The problem with this solution is that P isn't really suited to this task - DIV is the appropriate element. However, unlike P, you can't omit DIV's closing tag. What you can do, however, is either:

<DIV class="body"> /* And add .body to the BODY selector */

Or: (better IMHO)


Note that you can't close the div after /noscript, since Netscape will interpret it as /body, so do it immediately prior to /body. Note also that Netscape will close the DIV on /NOSCRIPT, but other browsers will close it at the end of the document; Netscape thinks /div is incorrect, but since it is the last thing in the BODY, it doesn't matter.

Yet another alternative, and possibly the best one is to avoid specifying any formatting on BODY at all (except for background, which doesn't suffer from this bug). E.g.:

background: red;
margin-left: 10%; /* Would normally be specified on BODY */;
H1 {
margin-left: 7%; /* Outdented H1s */
P, H1, H2, H3, H4, H5, H6, (all block elements) {
all font and color information here

The great advantage of this method is that it avoids other bugs with Netscape, and also avoids bugs in Internet Explorer 3.00 that treated negative indents as relative to the left of the viewport. However, it does place certain demands upon your HTML, and if it does not meet these demands, this method is useless. E.g.:

Noscript content here
A heading here
Some text
New paragraph
New paragraph

This is wrong - 'Some text' is not enclosed in an element, and thus will not have any style applied to it.

Noscript content here
A heading here
Some text
New paragraph
New paragraph

This is right. Note that this method makes it imperative that you avoid the bugs (see under the box model) relating to margins/padding et al on LI, DD and DT and apply the appropriate properties to OL and DL instead.

Section C - Key concepts
Bug 1: ignored

Netscape does not weight sort.

Bug 2: destroyed

If there is a line break between the ! and the important, Netscape will ignore that declaration - wrong (to it) is !
important, but o.k. is !    important.

Bug 3: destroyed

Use of the backslash (e.g., for referring to unknown characters) is unsupported; furthermore, when used in a selector or property name, it causes a JavaScript error, which will break the whole page's style.

Bug 4: destroys

If you specify a value of inherit, it is rendered as #00e000 when specified on color or as a background color. On other elements, it is treated as initial_value; for example, font-family: inherit as font-family: initial.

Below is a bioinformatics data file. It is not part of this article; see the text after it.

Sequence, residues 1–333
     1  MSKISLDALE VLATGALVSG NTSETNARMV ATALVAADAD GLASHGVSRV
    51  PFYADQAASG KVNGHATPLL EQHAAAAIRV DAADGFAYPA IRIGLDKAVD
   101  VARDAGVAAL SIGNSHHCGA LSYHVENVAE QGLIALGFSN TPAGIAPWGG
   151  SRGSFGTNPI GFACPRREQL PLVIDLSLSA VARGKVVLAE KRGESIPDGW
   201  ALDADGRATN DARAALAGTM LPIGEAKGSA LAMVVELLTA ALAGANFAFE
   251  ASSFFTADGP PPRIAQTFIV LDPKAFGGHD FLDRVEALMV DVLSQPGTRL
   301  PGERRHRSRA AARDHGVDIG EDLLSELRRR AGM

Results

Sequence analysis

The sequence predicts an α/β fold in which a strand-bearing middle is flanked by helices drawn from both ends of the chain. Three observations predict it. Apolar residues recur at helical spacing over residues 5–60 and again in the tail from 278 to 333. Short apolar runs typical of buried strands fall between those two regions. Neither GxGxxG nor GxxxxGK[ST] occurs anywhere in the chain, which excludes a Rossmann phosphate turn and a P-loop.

Bug 5: not supported between ':' and IDENT on pseudo-classes

Netscape does not support comments between : and IDENT on pseudo-classes; for example, A:/* */link, would be ignored in Netscape.

Section D - Bugs with units

Bug 1: Relative units - what they relate to

Relative units that relate to font-size are very buggy.

The best way to see this is by this style sheet:

DIV.a, div.b, div.c {
border: solid thin;
div.a {font-size: 2em}
div.b {font-size: 200%}
div.c {font-size: 4ex}

And this BODY:

<div class="parent">
  <div class="a">
  <div class="b">
  <div class="c">

Box a is then the same size as box b, but box c is slightly smaller. Upping its font-size to a value between 4.14 and 4.15 ex (note that you can't change it that precisely) to make it the same size.

Next add DIV.parent {font-size: 1em} (note that BODY will also work because of inheritance).

Box b and box c are now the same size (box a is substantially smaller - see above). Increasing its font-size to a value between 2.1 and 2.2 em makes it the same size.

DIV.parent {font-size: 100%} has exactly the same effect (viz. making box a smaller).

Font-size: 2ex, on the other hand, has the same effect as having no font declaration at all.

Bug 2: Relative units - what they relate to

Now try this:

DIV.a, DIV.b, DIV.c, DIV.d {
border: solid thin;
BODY {font-size: 24px}
DIV.b {font-size: 1em}
DIV.c {font-size: 100%}
DIV.d {font-size: 2ex}

With this:

<DIV class="a">
This one has no font-size that applies to it.
<DIV class="b">
<DIV class="c">
<DIV class="d">

A, b and c should all be the same size, but they are not. A is much smaller than b, c and d, which are all of equal size. This indicates that although relative units relate in some measure to the inherited value, they do not do so properly - it seems that in addition to multiplying by one, they are multiplied by some constant. Some fiddling with DIV.a {font-size} shows that font-size: 31px makes it the same size as b, c and d. This suggests that this mysterious constant is 31/24 ≅ 1.3. Unfortunately, adding font-family: "Comic Sans MS" (or whatever) to the declaration makes this untrue and increases it to a much greater amount. A little experimentation shows that there is no relation whatsoever between the font's aspect value and this constant, and so therefore ex and em should be avoided at all costs, and % should be avoided on font-size and line-height.